Talk about going around the bend, I understood that, and then I artfully talked my way out of it. Not that it took much effort, didnít need too say a thing, I held her tight as she cried and buried her head in my chest. At this point, I realized the totality of events, if we didnít get out of here, weíd both die. Me? Didnít care much for me, I didnít respect myself at this point, but I did love Naj. Loved her more than myself. She was my personal link to what once was. When we were both civilized human beings. In the morning, the electricity wasnít working still, and I looked at Naj as I flicked the wall switch. Neither of us said anything, we both knew it was off for good, the only thing to note the passing was this empty click clack of the light switch in the early morning. For breakfast, we finished off what the fridge had, and Naj insisted on straightening the place up before we left. Miraculously the half-ton was in the garage so clearing out of town wasnít much of a problem. After and hour we found a useable service station. In the back of the half-ton, we found the issued siphon and filled the tank off and took all four fifteen liter petrol cans in the station, filled them up and scrounged around for whatever goodies we could. I figured the owner took off or had something bad happen. The facility was just wide open. No locked doors no chained up Pitt Bull, no security. Everything just there, and apparently we were the first. After about six hours, we changed over and she drove until the tank emptied out. There we filled its tank up with fuel from the petrol cans and found a clearing by a stream and we slept there for the night. Eventually, long after the truck ran out of gas we found our way into this shantytown of wannabe farmers and petty merchants. Up stream around a bunch of caves, somebody started mining copper and over time, a bunch of smaller towns sprung up.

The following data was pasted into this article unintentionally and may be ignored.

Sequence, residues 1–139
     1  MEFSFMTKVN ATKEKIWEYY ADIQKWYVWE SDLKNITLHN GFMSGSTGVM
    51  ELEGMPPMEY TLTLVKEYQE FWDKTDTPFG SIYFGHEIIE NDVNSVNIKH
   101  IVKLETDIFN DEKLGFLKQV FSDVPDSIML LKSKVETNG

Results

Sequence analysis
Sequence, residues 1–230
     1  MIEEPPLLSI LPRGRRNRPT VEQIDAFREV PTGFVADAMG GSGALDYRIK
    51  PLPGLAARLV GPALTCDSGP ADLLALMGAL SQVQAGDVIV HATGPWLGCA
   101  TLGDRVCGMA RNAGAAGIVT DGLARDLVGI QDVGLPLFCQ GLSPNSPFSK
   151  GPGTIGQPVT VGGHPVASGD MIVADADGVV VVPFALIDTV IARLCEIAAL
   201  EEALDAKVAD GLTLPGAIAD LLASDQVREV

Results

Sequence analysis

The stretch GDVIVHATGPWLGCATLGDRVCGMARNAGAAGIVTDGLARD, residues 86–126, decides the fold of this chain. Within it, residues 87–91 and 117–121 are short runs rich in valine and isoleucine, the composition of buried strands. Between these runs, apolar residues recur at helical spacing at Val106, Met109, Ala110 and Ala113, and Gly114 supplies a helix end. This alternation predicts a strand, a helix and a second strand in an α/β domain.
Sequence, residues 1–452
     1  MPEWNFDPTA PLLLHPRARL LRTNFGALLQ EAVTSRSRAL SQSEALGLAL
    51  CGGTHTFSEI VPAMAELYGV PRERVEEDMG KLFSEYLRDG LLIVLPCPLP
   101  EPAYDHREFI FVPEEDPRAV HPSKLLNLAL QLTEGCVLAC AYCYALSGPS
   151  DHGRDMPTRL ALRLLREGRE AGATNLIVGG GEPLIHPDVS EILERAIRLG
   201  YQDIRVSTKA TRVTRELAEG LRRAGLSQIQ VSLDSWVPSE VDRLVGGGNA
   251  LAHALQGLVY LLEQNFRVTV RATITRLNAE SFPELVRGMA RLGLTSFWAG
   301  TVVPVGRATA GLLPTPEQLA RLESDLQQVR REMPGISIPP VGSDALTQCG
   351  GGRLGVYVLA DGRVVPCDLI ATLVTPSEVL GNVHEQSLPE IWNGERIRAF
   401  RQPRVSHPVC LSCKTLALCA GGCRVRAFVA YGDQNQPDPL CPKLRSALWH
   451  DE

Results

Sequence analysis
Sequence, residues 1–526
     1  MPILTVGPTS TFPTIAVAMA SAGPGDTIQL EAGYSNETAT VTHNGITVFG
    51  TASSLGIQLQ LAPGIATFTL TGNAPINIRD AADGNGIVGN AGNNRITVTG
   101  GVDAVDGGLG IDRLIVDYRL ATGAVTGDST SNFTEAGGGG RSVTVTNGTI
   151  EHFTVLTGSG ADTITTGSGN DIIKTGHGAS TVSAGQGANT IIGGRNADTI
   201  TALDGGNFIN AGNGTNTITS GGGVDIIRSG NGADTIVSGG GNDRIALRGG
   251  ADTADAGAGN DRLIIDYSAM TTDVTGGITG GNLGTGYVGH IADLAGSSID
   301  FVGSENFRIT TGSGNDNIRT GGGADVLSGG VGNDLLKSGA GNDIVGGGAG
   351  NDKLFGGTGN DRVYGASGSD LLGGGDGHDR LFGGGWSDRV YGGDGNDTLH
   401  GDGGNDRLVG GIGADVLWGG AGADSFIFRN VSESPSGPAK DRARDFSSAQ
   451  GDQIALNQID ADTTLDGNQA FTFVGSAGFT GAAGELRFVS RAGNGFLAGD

Naj stopped loosing weight and after a couple of years gained half of it back. I do a bit of farmingÖno itís more like a large garden, and drive a mule cart with wood from the lumber camps to the copper mine up stream. I keep wondering if Naj is ever going to get over the ghosts that live in her head. Then again, why should she? My ghosts haunt me still. We spend our time, when weíre not doing what it takes to eat well talking about the way things were.
All rights belong to its author. It was published on e-Stories.org by demand of Scott Wahrenberger.
Published on e-Stories.org on 08.02.2009.